New Comcast Model Shows Results on Bottom Line

Mar 10, 2003  •  Post A Comment

Comcast Corp. is raising the bar on the media industry’s expectations for merged players by creating a new business model that makes an uneasy comparison for faltering rivals such as AOL Time Warner.
In a nutshell, it is all about sticking to the core business, improving the basics before expanding through acquisitions, underpromising and overdelivering profits, effectively integrating operations and unifying personnel.
In fact, Comcast executives privately concede they are exceeding their own initial expectations since acquiring AT&T Broadband late last year, partly because they are determined not to repeat the post-merger mistakes still hindering AOL Time Warner two years after its union.
In just three months Comcast has begun to reduce its strapping $25 billion debt by $5 billion, achieved $500 million in job cuts and other downsizing, found $270 million in program savings, curtailed AT&T system upgrade costs by 20 percent to $4 billion, and vowed to reverse an unprecedented 500,000 in basic subscriber losses at AT&T.
As a result, Comcast will boost its cash flow by at least $1.35 billion to $6.3 billion in 2003 on a 9 percent increase in revenues to $23 billion and likely return to free cash flow. Merrill Lynch analyst Jessica Reif Cohen said Comcast is making such good progress, it could muster more than $500 million in free cash flow and $7.35 billion in earnings before interest, taxes, depreciation and amortization this year.
The more than $2 billion in annual free cash flow Comcast should begin generating again in 2004, after a merger transition year, is the growth fire power media companies desire.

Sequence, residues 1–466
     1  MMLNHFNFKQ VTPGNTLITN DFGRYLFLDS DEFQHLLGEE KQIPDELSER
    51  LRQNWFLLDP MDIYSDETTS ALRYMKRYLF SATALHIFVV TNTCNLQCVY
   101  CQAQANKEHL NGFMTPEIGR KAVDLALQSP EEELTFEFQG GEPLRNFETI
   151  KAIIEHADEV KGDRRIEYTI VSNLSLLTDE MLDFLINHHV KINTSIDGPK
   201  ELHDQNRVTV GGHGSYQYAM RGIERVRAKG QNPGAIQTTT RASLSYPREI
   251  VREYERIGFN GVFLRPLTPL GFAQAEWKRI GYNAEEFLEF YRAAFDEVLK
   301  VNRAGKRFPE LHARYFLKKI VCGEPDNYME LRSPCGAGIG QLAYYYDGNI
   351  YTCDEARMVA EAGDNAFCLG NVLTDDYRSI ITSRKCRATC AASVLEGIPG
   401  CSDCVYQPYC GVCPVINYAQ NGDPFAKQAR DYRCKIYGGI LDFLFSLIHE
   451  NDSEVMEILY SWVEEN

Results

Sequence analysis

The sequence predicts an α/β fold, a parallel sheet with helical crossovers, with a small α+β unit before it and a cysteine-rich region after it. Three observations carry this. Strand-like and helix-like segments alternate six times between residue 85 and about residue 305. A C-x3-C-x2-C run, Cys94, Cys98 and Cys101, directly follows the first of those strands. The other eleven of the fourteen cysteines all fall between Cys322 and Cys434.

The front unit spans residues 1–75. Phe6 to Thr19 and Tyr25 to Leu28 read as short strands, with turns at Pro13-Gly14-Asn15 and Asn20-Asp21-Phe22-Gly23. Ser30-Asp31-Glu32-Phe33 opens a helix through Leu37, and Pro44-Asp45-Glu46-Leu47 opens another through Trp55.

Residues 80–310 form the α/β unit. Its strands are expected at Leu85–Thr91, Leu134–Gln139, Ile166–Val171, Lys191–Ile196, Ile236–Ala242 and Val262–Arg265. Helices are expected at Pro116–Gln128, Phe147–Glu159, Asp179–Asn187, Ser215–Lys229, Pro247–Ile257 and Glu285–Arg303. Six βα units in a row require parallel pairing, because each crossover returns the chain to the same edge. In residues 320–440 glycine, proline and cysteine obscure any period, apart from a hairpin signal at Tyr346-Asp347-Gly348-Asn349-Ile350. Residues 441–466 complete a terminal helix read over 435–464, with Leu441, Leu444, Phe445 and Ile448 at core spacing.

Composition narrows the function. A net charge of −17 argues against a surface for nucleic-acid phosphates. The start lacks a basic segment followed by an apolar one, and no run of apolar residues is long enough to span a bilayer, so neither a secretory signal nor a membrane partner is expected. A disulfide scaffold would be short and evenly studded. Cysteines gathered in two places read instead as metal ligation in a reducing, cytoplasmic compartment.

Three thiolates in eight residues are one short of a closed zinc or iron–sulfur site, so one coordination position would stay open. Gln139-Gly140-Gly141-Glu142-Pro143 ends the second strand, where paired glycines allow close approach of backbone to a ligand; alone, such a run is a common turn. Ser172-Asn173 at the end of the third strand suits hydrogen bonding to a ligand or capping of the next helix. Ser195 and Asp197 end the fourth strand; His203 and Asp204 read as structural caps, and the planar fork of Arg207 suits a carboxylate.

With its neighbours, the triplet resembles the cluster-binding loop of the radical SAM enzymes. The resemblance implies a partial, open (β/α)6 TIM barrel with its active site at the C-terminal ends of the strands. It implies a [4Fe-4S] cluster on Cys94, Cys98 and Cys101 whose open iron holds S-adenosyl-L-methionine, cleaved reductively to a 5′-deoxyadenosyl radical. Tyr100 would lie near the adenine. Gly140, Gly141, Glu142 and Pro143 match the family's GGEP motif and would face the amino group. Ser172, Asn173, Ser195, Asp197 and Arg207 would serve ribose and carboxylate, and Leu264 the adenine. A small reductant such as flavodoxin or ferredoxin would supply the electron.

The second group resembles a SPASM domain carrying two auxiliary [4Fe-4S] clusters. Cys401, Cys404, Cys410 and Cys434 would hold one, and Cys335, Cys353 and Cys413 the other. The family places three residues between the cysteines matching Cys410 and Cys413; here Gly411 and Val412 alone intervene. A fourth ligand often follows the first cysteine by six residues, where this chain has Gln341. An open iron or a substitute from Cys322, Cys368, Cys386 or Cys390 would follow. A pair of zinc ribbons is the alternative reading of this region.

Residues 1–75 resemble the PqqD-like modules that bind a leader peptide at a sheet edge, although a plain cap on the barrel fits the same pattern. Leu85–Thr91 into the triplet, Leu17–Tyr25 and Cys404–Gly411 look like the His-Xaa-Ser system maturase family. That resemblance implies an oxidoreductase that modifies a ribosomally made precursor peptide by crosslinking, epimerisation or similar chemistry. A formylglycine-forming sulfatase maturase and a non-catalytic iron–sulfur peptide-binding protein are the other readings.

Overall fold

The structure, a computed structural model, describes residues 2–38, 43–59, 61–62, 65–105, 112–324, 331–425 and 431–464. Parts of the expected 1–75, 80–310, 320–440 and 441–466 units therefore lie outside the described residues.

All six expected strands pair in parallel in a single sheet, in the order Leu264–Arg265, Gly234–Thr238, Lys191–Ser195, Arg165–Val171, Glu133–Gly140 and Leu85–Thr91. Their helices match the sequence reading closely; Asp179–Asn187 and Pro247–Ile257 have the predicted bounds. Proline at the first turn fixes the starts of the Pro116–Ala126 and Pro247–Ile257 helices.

Until then, Comcast is learning to leverage its newfound scale. Over the next two months, Comcast will announce new deals with some program suppliers, getting contract extensions and high definition and video-on-demand rights in exchange for reducing current licensee fees based on its near tripling in size. It considers high-definition and VOD programming critical weapons in combating satellite competitors.
“Our focus right now has been on execution and integration,” Brian Roberts, Comcast chief executive officer and president, said in an interview. “There is very little likelihood you will see any mega-deal-making coming out of us. We are so focused on doing what we said we were going to do.”
“We always can be opportunistic if something great comes along,” he said.
But Comcast may be handed its most significant near-term opportunity by partner Liberty Media Co., whose triggering this week an appraisal and potential sale of their co-owned QVC could render more than $8 billion for Comcast’s 58 percent stake. Those proceeds could be used to further reduce Comcast’s debt to well below $20 billion, giving the cable operator the flexibility to acquire the content companies it needs. Sources say Comcast could bid for Hollywood independents or majors.
Liberty could use proceeds from the sale of its 42 percent QVC stake to finance its pursuit of General Motor’s $3 billion, or 20 percent, stake in Hughes Electronics and its DirecTV satellite unit. But Liberty, a 20 percent shareholder in USA Interactive, also could fold a wholly owned QVC into a home shopping powerhouse with USAI’s HSN. Or it could include QVC in a new content entity formed with some of Liberty’s own assets (such as Starz Encore and Discovery Communications) and some of the assets it has been eyeing at Vivendi Universal Entertainment (such as the Sci-Fi and USA cable networks). Liberty’s $11 billion in cash and securities is sufficient to buy both QVC and DirecTV.
That Comcast is positioned to be the beneficiary of so much so soon is no accident. In the nine months before buying AT&T, Mr. Roberts, Comcast Cable president Steve Burke and others toiled diligently on the integration and streamlining of operations and personnel that is now being achieved.
Mr. Roberts points out that certain other things help: AT&T represents expansion of a core cable business, in which Comcast has previously achieved 40 percent margins and cost-efficient acquisitions, and it waited until this week before projecting a modest upside in 2003. “At least now we know what we’ve got,” he said.
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